Despite the changes, some things remain constant for Primus, namely Claypool’s Monstrous bass and cartoonish vocals --one of rocks most intriguing blends. Despite Claypool’s dynamic presence on the Brown Album, there’s still plenty of breathing room, or, as LaLonde says, “open space,” for the guitarist and Mantia to shift into high gear. But while intricate riffs and rhythms still leap out of the Primus labratory, Claypool stresses that it’s really “all about the emotion of the note as opposed to it’s technical correctness.”

     GUITAR WORLD: While your instumental work sounds very contemporary--even avant garde--your lyrics tend to have a very timeless feel, “Fisticuffs” reads like an old book.

     LES CLAYPOOL: T he backbeat of “Fisticuffs” put images in my head of punching, which led to the idea of writing a song about boxing. But I wasn’t seeing and images of a modern day boxer. I kept thinking about these old time fisticuff guys [puts up his dukes and sticks out his chin]. That led me to do a little research about nineteenth century boxing, which I was able to work into the lyrics.

     GW: Do you often do research when writing lyrics?

     CLAYPOOL: Not really. If I get to thinkin’ about stuff too much, it drives me nuts. It’s always been best when things kind of flow to me. And with “Fisticuffs,” the music itself put that image in my head.

     GW: You guys aren’t big on writing love songs.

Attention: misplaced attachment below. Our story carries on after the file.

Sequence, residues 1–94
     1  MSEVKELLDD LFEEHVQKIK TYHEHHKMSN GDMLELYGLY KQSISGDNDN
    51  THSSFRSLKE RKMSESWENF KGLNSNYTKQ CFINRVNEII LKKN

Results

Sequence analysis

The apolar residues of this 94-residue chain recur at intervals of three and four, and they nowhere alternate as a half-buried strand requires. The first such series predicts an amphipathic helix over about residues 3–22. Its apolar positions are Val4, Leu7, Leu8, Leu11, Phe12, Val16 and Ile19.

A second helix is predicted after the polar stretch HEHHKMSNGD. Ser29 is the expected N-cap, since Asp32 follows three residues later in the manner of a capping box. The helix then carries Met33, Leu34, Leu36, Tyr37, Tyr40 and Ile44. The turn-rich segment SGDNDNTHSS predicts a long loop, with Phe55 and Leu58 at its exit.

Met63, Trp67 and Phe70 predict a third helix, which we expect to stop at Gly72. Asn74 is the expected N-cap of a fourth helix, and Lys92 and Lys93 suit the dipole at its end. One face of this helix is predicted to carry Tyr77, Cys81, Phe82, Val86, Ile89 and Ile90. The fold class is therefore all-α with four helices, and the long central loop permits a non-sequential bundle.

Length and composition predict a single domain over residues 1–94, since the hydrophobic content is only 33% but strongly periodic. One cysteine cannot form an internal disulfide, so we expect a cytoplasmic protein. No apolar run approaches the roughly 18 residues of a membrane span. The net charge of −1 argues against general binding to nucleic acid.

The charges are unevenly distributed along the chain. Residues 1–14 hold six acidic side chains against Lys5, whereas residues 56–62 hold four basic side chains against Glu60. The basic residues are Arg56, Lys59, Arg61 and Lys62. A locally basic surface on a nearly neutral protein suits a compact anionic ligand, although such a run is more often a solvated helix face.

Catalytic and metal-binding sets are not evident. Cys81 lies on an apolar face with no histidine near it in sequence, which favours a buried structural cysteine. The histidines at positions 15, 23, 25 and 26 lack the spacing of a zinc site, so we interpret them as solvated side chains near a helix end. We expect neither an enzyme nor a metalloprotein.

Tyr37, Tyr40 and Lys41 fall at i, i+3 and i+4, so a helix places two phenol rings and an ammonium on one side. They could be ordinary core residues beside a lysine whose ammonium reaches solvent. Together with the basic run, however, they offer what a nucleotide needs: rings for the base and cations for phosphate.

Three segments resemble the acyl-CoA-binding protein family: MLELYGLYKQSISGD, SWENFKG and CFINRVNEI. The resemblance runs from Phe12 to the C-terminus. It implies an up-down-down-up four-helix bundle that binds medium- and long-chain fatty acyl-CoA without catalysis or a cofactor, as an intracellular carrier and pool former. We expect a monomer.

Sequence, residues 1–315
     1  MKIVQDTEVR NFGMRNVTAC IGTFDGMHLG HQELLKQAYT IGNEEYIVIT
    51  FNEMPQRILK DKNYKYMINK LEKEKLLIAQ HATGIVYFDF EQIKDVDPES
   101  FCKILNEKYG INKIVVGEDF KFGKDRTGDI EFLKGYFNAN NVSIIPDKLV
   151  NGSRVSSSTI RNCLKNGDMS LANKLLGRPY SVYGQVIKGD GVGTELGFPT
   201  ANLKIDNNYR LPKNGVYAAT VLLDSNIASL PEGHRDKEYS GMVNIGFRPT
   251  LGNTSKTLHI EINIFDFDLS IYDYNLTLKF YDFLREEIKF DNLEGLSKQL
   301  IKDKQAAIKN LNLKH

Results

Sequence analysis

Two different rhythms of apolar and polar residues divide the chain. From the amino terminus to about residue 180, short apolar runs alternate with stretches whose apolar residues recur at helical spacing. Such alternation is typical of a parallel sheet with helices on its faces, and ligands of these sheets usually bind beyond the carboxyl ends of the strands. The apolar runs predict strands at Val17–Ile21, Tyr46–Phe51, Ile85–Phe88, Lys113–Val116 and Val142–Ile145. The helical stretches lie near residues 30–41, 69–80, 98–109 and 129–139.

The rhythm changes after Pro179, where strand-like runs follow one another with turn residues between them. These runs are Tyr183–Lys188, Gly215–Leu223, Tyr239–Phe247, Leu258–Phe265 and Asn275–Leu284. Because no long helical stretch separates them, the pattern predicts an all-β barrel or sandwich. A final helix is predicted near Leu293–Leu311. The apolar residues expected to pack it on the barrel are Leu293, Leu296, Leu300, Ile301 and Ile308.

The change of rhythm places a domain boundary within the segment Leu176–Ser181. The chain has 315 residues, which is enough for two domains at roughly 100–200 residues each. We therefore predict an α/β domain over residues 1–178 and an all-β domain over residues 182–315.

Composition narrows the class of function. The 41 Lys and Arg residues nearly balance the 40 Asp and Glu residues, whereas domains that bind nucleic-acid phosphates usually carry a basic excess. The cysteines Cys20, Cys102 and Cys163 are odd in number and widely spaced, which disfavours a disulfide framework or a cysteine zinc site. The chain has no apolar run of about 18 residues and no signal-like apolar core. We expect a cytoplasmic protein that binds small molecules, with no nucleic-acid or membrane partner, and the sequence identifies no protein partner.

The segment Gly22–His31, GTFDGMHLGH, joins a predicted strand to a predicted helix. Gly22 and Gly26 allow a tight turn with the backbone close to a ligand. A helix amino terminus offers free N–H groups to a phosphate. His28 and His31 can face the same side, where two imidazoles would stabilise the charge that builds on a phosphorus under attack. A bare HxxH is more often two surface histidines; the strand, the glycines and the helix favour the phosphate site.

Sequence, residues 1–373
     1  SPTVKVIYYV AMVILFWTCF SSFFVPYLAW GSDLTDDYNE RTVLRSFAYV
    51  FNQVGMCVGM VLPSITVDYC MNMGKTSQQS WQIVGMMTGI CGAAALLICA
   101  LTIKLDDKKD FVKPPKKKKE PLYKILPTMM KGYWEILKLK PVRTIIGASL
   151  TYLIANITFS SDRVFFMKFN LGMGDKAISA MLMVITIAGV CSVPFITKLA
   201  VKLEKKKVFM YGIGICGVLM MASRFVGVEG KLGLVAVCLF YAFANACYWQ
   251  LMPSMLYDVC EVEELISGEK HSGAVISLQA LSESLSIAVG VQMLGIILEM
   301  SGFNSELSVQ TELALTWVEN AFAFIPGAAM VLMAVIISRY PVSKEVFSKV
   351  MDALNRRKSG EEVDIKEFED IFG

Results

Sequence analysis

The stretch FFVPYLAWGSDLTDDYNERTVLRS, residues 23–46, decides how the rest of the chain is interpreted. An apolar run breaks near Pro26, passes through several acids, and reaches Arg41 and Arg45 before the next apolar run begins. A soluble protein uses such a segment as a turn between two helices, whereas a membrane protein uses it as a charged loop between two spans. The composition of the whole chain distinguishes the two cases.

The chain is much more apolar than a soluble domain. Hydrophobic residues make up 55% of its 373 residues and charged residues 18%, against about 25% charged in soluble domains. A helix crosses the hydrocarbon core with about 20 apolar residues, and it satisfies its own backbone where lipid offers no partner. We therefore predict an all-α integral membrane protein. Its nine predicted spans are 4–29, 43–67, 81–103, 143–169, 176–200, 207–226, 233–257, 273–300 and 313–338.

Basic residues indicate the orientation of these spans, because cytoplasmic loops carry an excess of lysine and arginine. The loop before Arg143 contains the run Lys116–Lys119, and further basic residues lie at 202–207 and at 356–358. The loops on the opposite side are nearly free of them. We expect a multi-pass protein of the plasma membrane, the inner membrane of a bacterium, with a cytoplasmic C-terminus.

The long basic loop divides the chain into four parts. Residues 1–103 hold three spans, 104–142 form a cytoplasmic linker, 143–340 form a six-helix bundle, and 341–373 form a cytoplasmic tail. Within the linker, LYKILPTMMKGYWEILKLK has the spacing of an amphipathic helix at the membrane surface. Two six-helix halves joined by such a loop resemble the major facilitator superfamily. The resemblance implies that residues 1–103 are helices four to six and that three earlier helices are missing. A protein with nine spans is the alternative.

CLAYPOOL: My wife, Chaney, keeps asking me why I haven’t written a song about her. Jesus Christ, there are plenty of people on this planet writing love songs much better than I could. So I’ll put my thoughts elsewhere. But, who knows. We haven’t crossed that bridge yet.

     LARRY “LER” LaLONDE: We’re basically a bunch of guys who are too scared to do that. We’d rather talk about football, race car driving and pro wrestling.

     GW: Let’s talk about your influences. Progressive rock and jazz fusion come to mind immediately.

     LaLONDE: Not so fast. I’ve always thought progressive rock was a horrible thing. Whoever plays it should be set on fire.

     CLAYPOOL: Of course, when I was a young lad, I used to listen to Rush, Yes, and other groups. I was big on Stanley Clarke, the Dixie Dregs, all that stuff. I never got into ELP, though--they were a little too noodley for me. I went through stages where I imitated Larry Graham, Chris Squire, Geddy Lee and John Paul Jones. I was into all of that progressive stuff because you always try to suck up as many riffs and licks as you possibly can. But pretty much from age 22 on, I was done with it. Now I like things that move me without my having to think about them too much, whether it’s the Beatles or Tom Waits or Morphine. It doesn’t have to be technically great. In fact, a lot of times, technical ability hinders people in composition because they think too much.